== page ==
Thursday, April 21, 2011

A Note on the Passing of Tim Hetherington and Chris Hondros

By now, the news of the killing of journalists Tim Hetherington and Chris Hondros by the forces Libyan dictator Muammar Gaddafi in the besieged city of Misrata has spread around the world. Hetherington was the co-director of the film Restrepo, which chronicled a year spent embedded with the Second Platoon, B Company, 2nd Battalion, 503rd Infantry Regiment of the 173rd Airborne Brigade Combat Team in the Korengal valley in Afghanistan, and Hondros was a photographer of great distinction whose work I had long admired.

I didn't know either man personally, though, the world of international reportage being as small as it is in these days of shrinking new coverage, we had quite a number of friends in common.

But, although journalists covering this ground quickly make their peace with the idea that one day they would go out and it might be their last, and though I am relatively sure that both men would point out the irony that their passing should attract so much attention after the world has sat back for weeks and let the people of Misrata get slaughtered, it is appropriate to take a moment and reflect on their loss.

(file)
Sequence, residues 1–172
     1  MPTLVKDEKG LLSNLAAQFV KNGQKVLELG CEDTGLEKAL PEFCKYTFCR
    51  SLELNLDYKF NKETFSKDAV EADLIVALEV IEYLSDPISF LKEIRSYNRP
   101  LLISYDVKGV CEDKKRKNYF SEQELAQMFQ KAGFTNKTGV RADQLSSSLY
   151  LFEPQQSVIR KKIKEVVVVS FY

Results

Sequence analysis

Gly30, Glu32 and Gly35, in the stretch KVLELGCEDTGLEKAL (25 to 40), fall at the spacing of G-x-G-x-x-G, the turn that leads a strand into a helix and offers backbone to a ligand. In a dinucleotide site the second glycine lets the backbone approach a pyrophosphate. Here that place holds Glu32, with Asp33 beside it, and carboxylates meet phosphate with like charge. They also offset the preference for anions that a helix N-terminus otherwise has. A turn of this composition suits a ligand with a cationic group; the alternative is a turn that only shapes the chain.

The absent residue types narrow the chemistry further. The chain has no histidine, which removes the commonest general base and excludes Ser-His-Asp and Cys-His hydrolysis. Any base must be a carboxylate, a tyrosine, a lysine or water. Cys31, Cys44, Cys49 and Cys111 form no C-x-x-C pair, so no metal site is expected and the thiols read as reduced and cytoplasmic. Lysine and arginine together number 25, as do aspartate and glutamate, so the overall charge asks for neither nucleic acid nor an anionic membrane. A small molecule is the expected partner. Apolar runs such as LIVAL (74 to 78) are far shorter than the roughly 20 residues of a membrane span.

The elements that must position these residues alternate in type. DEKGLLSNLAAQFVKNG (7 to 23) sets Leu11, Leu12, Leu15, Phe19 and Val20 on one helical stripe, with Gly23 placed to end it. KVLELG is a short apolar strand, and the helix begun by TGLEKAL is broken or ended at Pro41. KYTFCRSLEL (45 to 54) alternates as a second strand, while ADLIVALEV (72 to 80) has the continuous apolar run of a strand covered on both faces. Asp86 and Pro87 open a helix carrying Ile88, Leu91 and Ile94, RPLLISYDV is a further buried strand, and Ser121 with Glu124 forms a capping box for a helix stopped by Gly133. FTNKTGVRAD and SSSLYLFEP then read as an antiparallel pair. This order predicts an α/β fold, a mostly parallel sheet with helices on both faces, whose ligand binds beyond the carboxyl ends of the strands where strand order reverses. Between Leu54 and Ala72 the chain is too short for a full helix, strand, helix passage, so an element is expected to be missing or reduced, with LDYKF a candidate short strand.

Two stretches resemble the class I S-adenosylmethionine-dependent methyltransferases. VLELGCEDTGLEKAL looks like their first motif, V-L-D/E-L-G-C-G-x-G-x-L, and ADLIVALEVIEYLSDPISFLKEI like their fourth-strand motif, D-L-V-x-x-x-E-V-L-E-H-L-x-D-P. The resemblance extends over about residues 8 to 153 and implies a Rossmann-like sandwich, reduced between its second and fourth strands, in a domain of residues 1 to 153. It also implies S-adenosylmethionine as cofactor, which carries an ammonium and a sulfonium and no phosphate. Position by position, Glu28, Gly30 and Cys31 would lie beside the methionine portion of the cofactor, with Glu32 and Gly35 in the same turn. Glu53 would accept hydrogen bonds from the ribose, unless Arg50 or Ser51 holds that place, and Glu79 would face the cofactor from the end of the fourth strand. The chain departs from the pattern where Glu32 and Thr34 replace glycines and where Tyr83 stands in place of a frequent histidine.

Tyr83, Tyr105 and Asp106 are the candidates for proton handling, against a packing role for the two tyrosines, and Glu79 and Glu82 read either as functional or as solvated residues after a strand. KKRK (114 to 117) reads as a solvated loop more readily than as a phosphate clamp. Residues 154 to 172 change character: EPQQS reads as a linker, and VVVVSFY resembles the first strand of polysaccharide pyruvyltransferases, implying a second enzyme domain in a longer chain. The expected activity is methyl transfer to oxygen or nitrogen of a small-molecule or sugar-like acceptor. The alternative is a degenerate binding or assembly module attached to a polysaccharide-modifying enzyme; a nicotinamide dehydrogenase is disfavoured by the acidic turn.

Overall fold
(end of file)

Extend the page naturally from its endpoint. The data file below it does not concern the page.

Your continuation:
Without the work of reporters like Hetherington, who provided us with one of the most important portraits of the Afghanistan conflict, and Hondros, whose 2003 photos of the civil war in Liberia remain some of the best war photography I have ever seen, the rest of the "developed" world would be able to suck its collective thumbs, stuff its face and drive its SUVs with nary a thought for people in the kinds of desperate circumstances both men documented.

A moment of mourning, both for the men themselves and for all the important stories that will not be told because of one more deluded dictator.
Perhaps, if there is any silver lining, this terrible incident will help wake the world and its leaders up to the reality of what is happening to the people of Misrata, which has been laid siege to by Gaddafi's forces for nearly two months and witnessed hundreds of people being killed.

Rest in peace, colleagues.

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